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The iPhone is "Doomed"

After all the E3 hoopla, a notable little announcement trickled out last week - a new version (of an old version) of

Doom

, the classic first person shooter, is coming for the iPhone this month.



Once again, John Carmack - id Software co-founder and technical director - is pushing the limits of hardware just as he has so many times before (as I chronicle my book Masters of Doom).  Real compelling 3D games have yet to find a home on the iPhone, and Doom will be a good test. Carmack is collaborating with a Dallas-based developer called Escalation on the project.  Escalation includes some familiar names from Doom lore, including Shawn Green, an early id Software employee, and Tom Mustaine, a formidable Quake compettior back in the day who went on to become a developer.  



Carmack says that the team was able to repurporse assets from Doom 3 for Resurrection.  Early gameplay footage suggests a nice hybrid of stripped down Doom action with a modern sheen - and, IMHO, thankfully jettisons some of D3's ploddingly moody dark corners and shadows.  It'll be interesting to see how Doom Classic, a more faithful porting of the original title, looks in comparision when it hits, supposedly this month too.  And id fans take note - an iPhone spin on Wolfenstein called

Wolfenstein

RPG is also on the way.



Digital Downloads and D&D

Reuters is running an interesting story on the present - and future - of digital distribution in the game industry.  Among the facts:    "17 percent of games sold in 2008 by PC gamers were digitally downloaded...digitally downloaded games will account for roughly 2 percent of industry sales this year, or around $400 million."  DD games are expected to "double annually for a few years, to $800 million in 2010 and $1.6 billion by 2011."

This comes a day after Turbine announced that their game, Dungeons and Dragons Online, would now be available for free.  The business model will be built on microtransactions - selling gamers content the enhance the game play experience.  This model isn't new.  Microtranscations have fueled a virtual economy -  and underground - in massively multiplayer online games for year.  A Korean game called Crazyracing Kartrider has been a pioneer of this. I'm sure it's only a matter of time before this craze finally and fully takes hold here. 

E3 Goes Natal

I'm finally decompressing from last week's E3 convention.  Yes, The Beatles:  Rock Band stole much of the show.  But there was another innovation that caught my eye too:  Microsoft's Project Natal.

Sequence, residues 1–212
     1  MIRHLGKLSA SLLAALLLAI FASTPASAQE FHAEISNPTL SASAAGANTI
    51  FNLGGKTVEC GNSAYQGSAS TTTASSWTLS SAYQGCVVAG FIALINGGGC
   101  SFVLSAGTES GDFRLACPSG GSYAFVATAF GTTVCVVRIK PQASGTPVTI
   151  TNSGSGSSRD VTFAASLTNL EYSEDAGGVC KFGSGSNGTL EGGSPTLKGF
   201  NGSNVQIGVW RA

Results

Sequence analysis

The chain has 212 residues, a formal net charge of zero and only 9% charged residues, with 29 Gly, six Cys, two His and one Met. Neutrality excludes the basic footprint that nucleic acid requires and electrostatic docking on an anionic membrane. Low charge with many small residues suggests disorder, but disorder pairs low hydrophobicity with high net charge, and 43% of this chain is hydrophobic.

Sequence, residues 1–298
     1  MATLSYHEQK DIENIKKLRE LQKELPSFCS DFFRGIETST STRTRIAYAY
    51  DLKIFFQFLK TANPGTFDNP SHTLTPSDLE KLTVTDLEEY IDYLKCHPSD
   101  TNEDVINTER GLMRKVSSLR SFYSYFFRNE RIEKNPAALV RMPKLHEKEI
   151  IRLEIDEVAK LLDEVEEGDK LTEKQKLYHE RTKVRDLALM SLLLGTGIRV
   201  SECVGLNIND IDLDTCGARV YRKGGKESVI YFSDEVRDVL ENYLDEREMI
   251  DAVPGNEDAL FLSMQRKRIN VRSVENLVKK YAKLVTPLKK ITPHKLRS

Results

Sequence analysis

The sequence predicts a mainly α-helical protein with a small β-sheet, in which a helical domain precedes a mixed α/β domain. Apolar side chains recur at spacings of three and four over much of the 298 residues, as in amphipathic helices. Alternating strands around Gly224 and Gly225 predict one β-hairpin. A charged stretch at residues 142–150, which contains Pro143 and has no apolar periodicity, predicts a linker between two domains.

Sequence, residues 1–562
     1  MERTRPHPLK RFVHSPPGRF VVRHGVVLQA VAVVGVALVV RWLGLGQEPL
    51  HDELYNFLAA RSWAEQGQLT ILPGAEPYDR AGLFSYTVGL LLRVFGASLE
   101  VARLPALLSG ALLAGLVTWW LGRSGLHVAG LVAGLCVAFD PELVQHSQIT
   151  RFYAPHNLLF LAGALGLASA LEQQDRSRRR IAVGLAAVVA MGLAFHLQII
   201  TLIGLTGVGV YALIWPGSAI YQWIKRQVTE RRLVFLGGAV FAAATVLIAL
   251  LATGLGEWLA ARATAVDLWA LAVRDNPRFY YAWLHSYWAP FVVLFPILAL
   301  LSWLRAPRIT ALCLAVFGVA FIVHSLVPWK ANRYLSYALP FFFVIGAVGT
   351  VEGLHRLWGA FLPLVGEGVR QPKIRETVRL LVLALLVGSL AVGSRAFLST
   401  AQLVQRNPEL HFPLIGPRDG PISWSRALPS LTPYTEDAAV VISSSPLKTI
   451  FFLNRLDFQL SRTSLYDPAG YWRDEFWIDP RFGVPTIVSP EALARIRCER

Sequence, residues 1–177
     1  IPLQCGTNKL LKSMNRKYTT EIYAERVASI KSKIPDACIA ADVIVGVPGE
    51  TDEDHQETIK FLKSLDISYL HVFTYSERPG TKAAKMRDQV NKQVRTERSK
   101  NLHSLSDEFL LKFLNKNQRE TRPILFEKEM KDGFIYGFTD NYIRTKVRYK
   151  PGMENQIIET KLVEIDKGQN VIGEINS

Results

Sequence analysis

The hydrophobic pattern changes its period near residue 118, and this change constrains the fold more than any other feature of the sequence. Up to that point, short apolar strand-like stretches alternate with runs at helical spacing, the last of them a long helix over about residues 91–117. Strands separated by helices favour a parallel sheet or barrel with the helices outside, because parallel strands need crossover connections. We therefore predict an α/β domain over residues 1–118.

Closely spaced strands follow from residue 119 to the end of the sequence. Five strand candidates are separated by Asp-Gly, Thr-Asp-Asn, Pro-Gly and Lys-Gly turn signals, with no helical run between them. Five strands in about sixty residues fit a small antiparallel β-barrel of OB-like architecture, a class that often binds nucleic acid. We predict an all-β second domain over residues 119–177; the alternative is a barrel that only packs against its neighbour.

Leading up to the convention, I blogged a few times about the rumors on Microsoft's motion-sensing controller. But the reality was a true blow-away.  I went into a small back room where I got a hands-on try.  Or, rather, hands-free.  We've seen earlier attempts at motion sensing cams - most notably, Sony's ill-fated EyeToy camera.  This is an entirely new bag, though.  I got to play a racing game.  To control the action, I just stuck out my hands, made a loose steering-wheel gesture, and was off.   This was no Dactyl Nightmare mess.  The controls were supple, precise.  I made a slight counterclockwise hand-twist, and the car moved accordingly.  To accelerate, I merely had to step forward into space.  To brake, step back.  Goosebumps not included.  At the end, I talked with another jaded writer about it and all we could say was, "wow."  

The wow comes in the potential applications.  Yes, this will make for some compelling new gameplay - but what else?  How about just moving around my files and data?  It's that scene in Minority Report made true - point, gesture, wave - no mouse, no remote to clutch.  There will be a lot of lame attempts to realize the potential of Natal, and maybe we're years away from the payoff.  But it's the first time I've experienced a new interface that really brings the Holodeck to mind. 

E3 News and Rumors

Next week, I'll be heading to Los Angeles for the annual E3 videogame convention. Wondering what's in store? A Kotaku writer, via Boston Herald, has a comprehensive piece on what gamers might expect. As for me, I'm particularly interested in seeing what Microsoft might have in the way of motion-sensing controllers.

An "Elite" Blast from the Past

Edge has a neat feature online about the making of Elite - the 1984 computer game which, allegedly, triggered the first game community online. I'm not sure about that claim, but it's still a fun, informative read.